We incorporated Social Media into the race with the hashtag #LRVChange2016. At different locations, we asked teams to take pictures and post them to Facebook in order to get their points. We did this to raise the profile of our event and get a broader audience curious about our topic. We even included U-Turns, Detours and Roadblocks much like the Amazing Race Show, so that teams experienced some of the frustration our own group experienced while researching this topic.
Some of the highlights of the race:
- Teams had to visit Carilion and learn what a homeless patient might experience in the ER
- Find an officer in Market Square or Century Park and learn the law about sleeping in that area
- Find a roll of red tape in Elmwood Park (see any symbolism in that)
- Find the metal waves near the Roanoke City Library (they were installed to keep people from loitering)
- Visit the Roanoke Homelessness Task Force and get some stats on current homeless population
- Visit the bus station
- Visit local business Gift Nitche and hear from owner on the problem
- Swing by the Roanoke City Jail and find out what happens when someone is booked for panhandling
- Visit Habitat Restore and learn what they are doing to help people who need homes
- Stop by the Rescue Mission
- Snap a selfie on public transportation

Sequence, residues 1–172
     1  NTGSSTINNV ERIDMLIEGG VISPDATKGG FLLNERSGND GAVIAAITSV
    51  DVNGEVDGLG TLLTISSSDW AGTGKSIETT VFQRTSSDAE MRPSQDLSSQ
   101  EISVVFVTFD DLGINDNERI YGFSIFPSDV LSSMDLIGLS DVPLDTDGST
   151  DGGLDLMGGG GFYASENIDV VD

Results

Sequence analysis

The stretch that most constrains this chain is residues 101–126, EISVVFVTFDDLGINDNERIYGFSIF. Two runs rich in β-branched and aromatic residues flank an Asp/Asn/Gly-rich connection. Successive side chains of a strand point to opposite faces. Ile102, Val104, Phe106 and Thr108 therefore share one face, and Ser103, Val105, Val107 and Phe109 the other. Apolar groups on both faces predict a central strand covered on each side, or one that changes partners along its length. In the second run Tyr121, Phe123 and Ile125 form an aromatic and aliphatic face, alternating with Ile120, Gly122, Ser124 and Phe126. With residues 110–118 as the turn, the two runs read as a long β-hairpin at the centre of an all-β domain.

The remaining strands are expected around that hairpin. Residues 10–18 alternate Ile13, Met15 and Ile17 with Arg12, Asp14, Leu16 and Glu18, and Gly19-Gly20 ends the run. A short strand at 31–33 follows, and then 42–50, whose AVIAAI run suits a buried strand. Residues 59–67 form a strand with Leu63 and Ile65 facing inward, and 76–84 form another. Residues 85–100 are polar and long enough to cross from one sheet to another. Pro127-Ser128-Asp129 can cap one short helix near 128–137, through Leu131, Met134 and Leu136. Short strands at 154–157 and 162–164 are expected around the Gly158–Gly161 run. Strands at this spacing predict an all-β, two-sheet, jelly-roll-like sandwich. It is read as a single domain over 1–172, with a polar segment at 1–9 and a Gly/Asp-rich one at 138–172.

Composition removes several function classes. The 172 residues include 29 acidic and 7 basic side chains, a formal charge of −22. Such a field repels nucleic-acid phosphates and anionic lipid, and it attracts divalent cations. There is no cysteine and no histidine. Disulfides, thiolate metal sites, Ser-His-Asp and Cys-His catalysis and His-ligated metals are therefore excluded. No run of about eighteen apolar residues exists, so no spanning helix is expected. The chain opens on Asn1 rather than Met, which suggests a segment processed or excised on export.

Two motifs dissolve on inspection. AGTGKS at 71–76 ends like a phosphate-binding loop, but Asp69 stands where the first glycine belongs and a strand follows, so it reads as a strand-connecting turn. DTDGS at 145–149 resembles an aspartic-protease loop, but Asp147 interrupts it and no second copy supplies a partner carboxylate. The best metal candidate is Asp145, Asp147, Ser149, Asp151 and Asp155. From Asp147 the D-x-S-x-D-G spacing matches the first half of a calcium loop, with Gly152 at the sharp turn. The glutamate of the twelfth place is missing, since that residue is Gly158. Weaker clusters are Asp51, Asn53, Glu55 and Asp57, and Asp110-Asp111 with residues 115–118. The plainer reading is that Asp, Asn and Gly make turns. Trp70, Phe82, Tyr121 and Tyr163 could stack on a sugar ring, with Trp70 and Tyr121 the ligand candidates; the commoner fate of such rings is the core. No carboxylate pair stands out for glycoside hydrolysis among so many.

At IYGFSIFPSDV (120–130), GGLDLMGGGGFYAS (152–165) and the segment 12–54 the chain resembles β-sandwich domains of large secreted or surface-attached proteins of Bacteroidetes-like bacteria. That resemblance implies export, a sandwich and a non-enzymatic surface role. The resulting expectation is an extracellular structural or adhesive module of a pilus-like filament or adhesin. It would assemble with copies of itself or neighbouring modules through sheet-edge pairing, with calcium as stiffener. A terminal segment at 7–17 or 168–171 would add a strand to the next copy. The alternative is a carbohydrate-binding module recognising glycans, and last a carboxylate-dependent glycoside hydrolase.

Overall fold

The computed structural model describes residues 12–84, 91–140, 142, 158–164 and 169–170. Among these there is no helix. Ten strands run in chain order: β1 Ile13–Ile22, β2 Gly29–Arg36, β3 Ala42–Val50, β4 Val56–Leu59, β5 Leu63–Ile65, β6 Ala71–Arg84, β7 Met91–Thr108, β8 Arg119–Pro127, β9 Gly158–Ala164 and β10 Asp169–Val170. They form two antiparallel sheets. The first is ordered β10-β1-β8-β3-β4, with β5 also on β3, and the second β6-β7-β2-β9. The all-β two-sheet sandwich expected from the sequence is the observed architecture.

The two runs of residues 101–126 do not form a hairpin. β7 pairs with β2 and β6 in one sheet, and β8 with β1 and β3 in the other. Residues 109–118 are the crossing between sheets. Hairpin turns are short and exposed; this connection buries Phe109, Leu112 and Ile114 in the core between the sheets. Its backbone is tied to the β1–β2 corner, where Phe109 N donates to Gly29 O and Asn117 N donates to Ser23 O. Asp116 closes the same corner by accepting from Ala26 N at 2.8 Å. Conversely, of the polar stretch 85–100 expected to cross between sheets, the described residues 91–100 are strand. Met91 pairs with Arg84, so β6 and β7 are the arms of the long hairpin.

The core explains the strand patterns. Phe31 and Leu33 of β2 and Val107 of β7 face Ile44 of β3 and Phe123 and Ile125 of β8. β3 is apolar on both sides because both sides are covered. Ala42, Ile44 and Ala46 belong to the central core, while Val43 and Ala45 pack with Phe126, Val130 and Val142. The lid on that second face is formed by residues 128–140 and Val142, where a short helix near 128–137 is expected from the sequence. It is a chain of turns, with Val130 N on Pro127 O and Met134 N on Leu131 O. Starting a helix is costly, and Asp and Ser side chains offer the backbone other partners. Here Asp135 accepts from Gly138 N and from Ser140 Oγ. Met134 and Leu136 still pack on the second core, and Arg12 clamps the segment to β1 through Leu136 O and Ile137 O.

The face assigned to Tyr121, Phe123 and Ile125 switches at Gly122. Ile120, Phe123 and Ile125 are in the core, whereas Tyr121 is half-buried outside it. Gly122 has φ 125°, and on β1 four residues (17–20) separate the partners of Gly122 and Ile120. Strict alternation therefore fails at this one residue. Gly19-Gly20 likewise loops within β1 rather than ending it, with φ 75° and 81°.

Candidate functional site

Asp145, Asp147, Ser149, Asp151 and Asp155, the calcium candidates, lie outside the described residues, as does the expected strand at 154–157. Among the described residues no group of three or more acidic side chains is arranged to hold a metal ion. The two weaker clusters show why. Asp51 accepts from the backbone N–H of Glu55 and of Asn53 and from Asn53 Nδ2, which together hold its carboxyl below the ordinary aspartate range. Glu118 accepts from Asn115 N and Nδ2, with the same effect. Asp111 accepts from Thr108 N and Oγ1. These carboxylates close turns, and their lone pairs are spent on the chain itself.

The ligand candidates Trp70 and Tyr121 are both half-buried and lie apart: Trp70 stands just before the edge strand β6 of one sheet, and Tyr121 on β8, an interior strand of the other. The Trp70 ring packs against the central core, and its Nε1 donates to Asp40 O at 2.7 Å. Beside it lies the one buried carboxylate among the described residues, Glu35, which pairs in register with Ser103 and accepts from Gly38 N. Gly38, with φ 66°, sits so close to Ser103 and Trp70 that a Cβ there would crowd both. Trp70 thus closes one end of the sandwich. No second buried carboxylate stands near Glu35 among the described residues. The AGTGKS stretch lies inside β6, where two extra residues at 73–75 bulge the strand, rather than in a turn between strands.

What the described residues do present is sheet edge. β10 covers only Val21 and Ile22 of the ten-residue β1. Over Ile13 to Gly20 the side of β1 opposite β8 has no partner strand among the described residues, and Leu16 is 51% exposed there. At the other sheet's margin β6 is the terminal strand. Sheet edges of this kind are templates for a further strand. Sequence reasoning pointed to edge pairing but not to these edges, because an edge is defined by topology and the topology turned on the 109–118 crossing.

- Go down the slide at the Roanoke City Library (just for fun!)
- A much more
After the race, we gathered at the Center in the Square rooftop and debriefed about what teams learned. A common theme was the complexity of the issue. Whether non-profit or government entity, positive things are happening everywhere, but not all of these groups are working together.
After the debrief, we had photojournalist Laura Weeks join us to share her project with the Rescue Mission called: “Project Hands.” Her work highlights a variety of individuals living at the Rescue Mission to combat the stigmas of homelessness and common misconceptions. Her project was also a stop on the race.
In the afternoon, we hosted a panel discussion with Carol Tuning of the Roanoke City Homelessness Task Force, Roanoke City Assistant Senior Attorney Tim Spencer, Director of Community Housing Resource Center Matt Crookshank, and Mala Thomas, Director of Nursing for the Department of Psychiatry and Behavioral Health Medicine for Carlion. The goal of the panel was to continue to bridge the gaps in what participants previously knew about the topic and what they learned during the race. The panel experts helped articulate what the law allows and doesn’t allow for the City to do with panhandlers, what the challenges are in trying to provide mental health service to the population of homeless individuals who need it, and the human rights provided to the individuals who are living on the streets.
To wrap up the day, Roanoke City Police Chief Chris Perkins spoke to the group and presented one of the biggest solutions we found as a team; an ambassador program for downtown. As our group studied this problem, we uncovered communities around the country who created a program of trained volunteers and employees, whose purpose is to interface with the transient, homeless, residential, and tourist populations. They help guide those who need it to necessary services, all while making for a friendly face for tourists. Chief Perkins acknowledged the success of similar programs and the possibilities for Roanoke.